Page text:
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Measurement error in estimating regression coefficients

Monetary valuations obtained used subjective well-being data are typically based on regression coefficients, and thus require a high degree of precision in estimating those coefficients. Measurement error among the set of drivers (independent variables) examined in the course of valuations can be especially problematic. Of particular concern is the measurement error in self-reported income - which risks reducing the income coefficient, leading to higher valuations of non-market factors. For example, Powdthavee (2009) found an increased income coefficient (producing lower valuations for non-market factors) where objective income information was obtained by interviewers through examination of payslips.

Dolan and Metcalfe (2008) and Powdthavee (2010) also report using instrumental variables46 in subjective well-being valuations to obtain better estimates of the exogenous effect of income on life evaluations. Fujiwara and Campbell (2011) note that instrumenting for income typically increases the estimate of the income coefficient, thus producing lower overall valuation estimates for non-market factors. For example, in Dolan and Metcalfe’s analysis, this correction brings estimates of the value of urban regeneration down from GBP 19 000 to around GBP 7 000. Powdthavee reports that this technique lowers the valuations of marriage from around GBP 200 000 to GBP 3 500 per annum. In practice, however, it is very difficult to identify appropriate instrumental variables for the purposes of valuations, as most of the key variables strongly associated with income also tend to be associated with life satisfaction.

Measurement error in non-market factors could also reduce coefficients attached to the variable in question, leading to under-valuation. Conversely, if measurement error in non-market factors is positively correlated with measurement error in the life evaluations (for example, due to shared method variance or response biases), this could inflate rather than depress their coefficients, leading to over-valuation, unless the income variable was similarly affected. Again, instrumental variables could be of particular use in separating out causal effects from correlated errors.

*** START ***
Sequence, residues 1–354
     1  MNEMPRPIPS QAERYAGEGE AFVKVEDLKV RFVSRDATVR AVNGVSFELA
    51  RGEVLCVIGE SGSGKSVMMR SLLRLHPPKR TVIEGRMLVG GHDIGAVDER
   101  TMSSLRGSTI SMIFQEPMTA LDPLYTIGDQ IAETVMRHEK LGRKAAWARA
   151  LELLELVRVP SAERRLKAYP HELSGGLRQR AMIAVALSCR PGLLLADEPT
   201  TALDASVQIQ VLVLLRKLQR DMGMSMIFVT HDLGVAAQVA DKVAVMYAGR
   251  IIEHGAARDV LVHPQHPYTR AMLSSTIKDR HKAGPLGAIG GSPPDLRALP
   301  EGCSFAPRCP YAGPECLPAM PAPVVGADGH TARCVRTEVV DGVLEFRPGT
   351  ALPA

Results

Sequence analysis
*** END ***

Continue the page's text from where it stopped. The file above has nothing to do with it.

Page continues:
The large impact that measurement error in independent variables can have on valuations means that, particularly when small or non-representative samples are used in regressions, it will be essential to check the coefficients obtained for income and other variables in the model (and especially for the non-market factor in question) to ensure that they fall within the range that might be expected, based on larger and more representative samples - and preferably those utilising high-quality panel data (Box 4.7). Further work on potential instrumental variables for use in valuations will be important for future development of the technique.

Box 4.7. The range of income estimates observed in the life satisfaction literature

The method used to estimate the value of non-market factors on the basis of life satisfaction data is very sensitive to the coefficient estimated for income. When interpreting the results of such valuations it is therefore helpful to consider the range of coefficients for income identified in the wider literature.

A very large number of authors have examined the role of income in life evaluations and the issue of whether increases in a country's average income over time are associated with increases in a country's subjective well-being (e.g. Easterlin, 1974, 1995; 2005; Hagerty and Veenhoven, 2003; Sacks, Stevenson and Wolfers, 2010). In practice, the effects of income are highly complex, and can vary both between countries and within different population sub-groups. Some authors report a consistent finding that income plays a more important role in developing and transition countries, and a less important role in more affluent societies (Bj0rnskov, 2010; Clark, Frijters and Shields, 2008; Sacks, Stevenson and Wolfers, 2010), whereas others report a similar magnitude effect for income across all countries (Deaton, 2008; Helliwell, 2008; Helliwell and Barrington-Leigh, 2010). Estimates for income coefficients are also critically sensitive to other variables included in the regression model. Clark, Frijters and Shields (2008), Sacks, Stevenson and Wolfers (2010), and Fujiwara and Campbell (2011) provide a more extensive overview of several other important issues - including those associated with reverse causation, individual effects and the importance of relative income (i.e. an individual's income in comparison to a given reference group). A final issue is the problem of income non-response rates, which are rarely reported but could also affect coefficients estimated for income.*